Back at the airport, we had to wait to check in, so we finished picking and booking our accommodations in Oslo for the end of our trip. I also tried to sleep, but the seats aren’t too comfortable in the London Heathrow airport and there was also a loud alarm thing that kept going off… ugh. 😕 After checking in we ate at EAT. I had duck gyoza dumplings for breakfast. Finally, we boarded our next flight around 6:30 AM. The flight from London to Oslo took about two hours, but was slightly delayed. On this flight, I fell asleep, mostly the whole way. In Oslo, we picked up our bags and passed through customs very quickly. Then, we picked up food for lunch at the airport 7-11 and got a SIM card for emergency mobile use.
For our final flight of the “day” from Oslo to Bodø, we checked in again, and went through security. At the gate, we ate our pastasalat with curry and kreb from the 7-11. This flight left Oslo at 1:05 PM with a duration of 1 hour and 30 minutes. Finally, our stretch of flights (but not traveling) was done for the day, and we headed out of the Bodø airport at 3:00 PM.
It was exciting to finally get to explore our destination a bit! Bodø is a small town with a population of around 50,000, and just north of the Arctic Circle (in terms of latitude at 67°16’48″N, it is north of Iqaluit and Iceland). It was a 15 minute walk from the airport to the harbour, where we were to catch a ferry to the Lofoten Islands.
Today I got up at 7 AM, then rolled my bag down the sidewalk and caught the bus to Century Park. From there, I caught the 747 bus to the airport. After checking in and passing through security, I went to the Air Canada Maple Lounge and had breakfast for free, thanks to the guest pass from Amanda! At the lounge, I had pink grapefruit juice, a fruit cup, key lime Greek yogurt, and a pastry. Then I boarded my flight to Vancouver, which left at 10:15 AM. I arrived in Vancouver at 11:00 AM and met up with my parents there.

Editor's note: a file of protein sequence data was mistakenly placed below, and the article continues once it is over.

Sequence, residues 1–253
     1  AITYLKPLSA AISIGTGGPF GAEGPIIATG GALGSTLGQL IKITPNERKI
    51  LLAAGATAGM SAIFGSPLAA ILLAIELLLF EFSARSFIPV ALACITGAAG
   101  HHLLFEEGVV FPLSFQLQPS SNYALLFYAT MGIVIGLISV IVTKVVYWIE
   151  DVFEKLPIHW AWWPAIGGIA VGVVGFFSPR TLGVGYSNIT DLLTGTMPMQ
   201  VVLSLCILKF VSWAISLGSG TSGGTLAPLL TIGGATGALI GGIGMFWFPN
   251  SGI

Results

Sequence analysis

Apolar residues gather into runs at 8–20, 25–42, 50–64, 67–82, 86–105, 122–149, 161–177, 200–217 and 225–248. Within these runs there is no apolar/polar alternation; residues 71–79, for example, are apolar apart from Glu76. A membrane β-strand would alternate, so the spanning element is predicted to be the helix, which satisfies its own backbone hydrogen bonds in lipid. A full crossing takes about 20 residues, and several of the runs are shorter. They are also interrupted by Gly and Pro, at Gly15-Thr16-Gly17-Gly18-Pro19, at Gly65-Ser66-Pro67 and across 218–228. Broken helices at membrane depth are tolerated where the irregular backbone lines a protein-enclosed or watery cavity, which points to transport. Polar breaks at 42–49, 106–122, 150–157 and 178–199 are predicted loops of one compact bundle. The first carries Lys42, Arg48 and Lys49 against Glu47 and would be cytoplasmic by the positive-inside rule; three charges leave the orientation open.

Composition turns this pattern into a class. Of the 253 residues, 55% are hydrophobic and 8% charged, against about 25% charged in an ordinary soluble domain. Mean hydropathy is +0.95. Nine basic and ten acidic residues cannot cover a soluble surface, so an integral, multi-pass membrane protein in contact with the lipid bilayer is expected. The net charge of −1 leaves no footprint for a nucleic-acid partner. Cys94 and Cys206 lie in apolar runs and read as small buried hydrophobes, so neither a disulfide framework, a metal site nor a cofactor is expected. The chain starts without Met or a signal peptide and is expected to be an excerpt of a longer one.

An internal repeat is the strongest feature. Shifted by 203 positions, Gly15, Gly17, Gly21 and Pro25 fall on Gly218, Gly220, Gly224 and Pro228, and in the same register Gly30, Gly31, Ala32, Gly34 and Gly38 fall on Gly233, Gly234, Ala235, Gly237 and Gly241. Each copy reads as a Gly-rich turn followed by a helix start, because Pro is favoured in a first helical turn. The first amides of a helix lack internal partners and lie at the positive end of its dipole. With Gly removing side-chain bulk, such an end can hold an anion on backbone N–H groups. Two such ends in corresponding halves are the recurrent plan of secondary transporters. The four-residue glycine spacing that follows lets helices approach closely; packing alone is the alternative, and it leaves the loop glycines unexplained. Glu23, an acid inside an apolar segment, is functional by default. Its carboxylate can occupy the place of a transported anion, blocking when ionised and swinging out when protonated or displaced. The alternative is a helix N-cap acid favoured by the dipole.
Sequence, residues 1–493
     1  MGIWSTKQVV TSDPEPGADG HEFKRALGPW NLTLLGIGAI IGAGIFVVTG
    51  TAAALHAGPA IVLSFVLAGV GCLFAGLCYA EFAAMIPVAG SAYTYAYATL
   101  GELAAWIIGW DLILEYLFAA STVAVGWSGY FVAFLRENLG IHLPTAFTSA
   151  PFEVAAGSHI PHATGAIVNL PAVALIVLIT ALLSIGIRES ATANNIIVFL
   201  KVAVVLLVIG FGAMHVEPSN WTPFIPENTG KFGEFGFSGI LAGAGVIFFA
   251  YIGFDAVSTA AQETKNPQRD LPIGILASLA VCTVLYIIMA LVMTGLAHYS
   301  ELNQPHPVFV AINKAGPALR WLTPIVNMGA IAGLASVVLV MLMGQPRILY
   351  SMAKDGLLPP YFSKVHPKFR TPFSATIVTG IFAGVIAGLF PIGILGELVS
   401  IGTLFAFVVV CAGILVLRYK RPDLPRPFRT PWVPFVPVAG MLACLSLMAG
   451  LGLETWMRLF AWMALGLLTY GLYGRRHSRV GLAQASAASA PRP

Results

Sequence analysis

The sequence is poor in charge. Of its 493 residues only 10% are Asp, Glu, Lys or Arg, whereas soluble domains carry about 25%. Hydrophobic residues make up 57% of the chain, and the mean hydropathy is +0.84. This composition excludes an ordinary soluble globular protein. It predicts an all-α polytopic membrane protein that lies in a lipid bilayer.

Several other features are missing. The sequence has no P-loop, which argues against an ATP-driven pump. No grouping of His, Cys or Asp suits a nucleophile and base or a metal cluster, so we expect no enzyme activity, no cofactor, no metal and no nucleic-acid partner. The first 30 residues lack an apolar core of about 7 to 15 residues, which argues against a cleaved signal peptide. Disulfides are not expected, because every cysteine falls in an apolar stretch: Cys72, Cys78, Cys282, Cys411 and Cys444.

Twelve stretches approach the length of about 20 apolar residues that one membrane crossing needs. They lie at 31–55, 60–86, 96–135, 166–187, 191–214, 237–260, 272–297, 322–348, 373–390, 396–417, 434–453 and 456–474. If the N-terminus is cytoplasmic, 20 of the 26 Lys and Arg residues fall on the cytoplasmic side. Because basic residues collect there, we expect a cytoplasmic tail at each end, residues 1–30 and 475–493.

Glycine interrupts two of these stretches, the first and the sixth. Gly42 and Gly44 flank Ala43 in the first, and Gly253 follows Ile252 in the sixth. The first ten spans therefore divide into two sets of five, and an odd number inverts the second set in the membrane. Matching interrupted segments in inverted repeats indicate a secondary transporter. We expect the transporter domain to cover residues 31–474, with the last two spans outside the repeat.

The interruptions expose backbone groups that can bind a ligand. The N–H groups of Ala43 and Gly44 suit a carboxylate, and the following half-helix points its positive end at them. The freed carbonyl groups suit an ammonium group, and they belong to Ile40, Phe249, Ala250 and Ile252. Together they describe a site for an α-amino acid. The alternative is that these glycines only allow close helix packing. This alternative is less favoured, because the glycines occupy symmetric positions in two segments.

The next flight was from Vancouver to Beijing, China on AC029, which we boarded at 12:45 PM. We had to sit on the plane for a very long time though – about two hours – before even going anywhere due to mechanical problems. 🙁 For lunch, I had a muffin, Mediterranean flatbread, and Clamato juice. During the flight I watched How to Train Your Dragon 2, Lucy, and Transformers: Age of Extinction. I also slept for some of the flight (like in the middle of parts of the Transformers movie). Oops! Supper on the plane was bread, stir-fry noodles, coleslaw, and chocolate cake. Breakfast was a bowl of instant noodles. For lunch (again?) was chicken with noodles, fruit salad, and bread. The flight was 11 hours long, but not including the two hour delay, and I landed in Beijing at 6 PM. After clearing customs and getting our bags, we met up with our guide Alice/Din-Din, and went to our hotel. We are staying at the Sunworld Hotel, about 50 minutes from the airport. It was dark already by the time we landed. The hotel looks pleasantly nice, although the room was a bit cramped with three single beds. Mostly, we got settled in the room and went to sleep early.
We woke up early the next morning, around 6 AM. Breakfast started at 6:30 AM, and had a wide variety of items, with both Western and Chinese style foods. The only thing was the hot food wasn’t that hot. I ate bok choy, fried rice, chow mein, spring rolls, steamed buns, ham, potato balls, sausages, and dumpling soup. At 8 AM we headed to the Mutianyu section of the Great Wall of China. On the drive out, the skies were surprisingly clear and blue. This was due to the APEC (Asia Pacific Economics Committee) meeting occurring in the city. There is a ban which permits only half the number of cars on the road each day (three out of six million). Dates with odd numbers allow license plates ending in odd numbers to drive, and likewise for days with even numbers. Also, factories around Beijing have been temporarily shut down. These measures had not been done since the 2008 Beijing Olympics, so we are lucky to travel in low air pollution and traffic conditions.
The area around the Mutianyu Great Wall appeared cooler and dry, where trees had mostly lost their leaves, unlike in the city. The weather was quite pleasant for site seeing though.
The Great Wall of China is an amazing structure with a total length of around 21 000 km. It was built from the 7th Century BC to the 17th Century AD. The section we are visiting was built in the 6th Century in the Qi Dynasty and then rebuilt in 1569, mainly of granite. We took a cable car up to the wall, and walked along a section of it.
It was fun to walk along the wall and go up the watch towers. I went up many stairs, where there is a great view, up to the limit where tourists are allowed.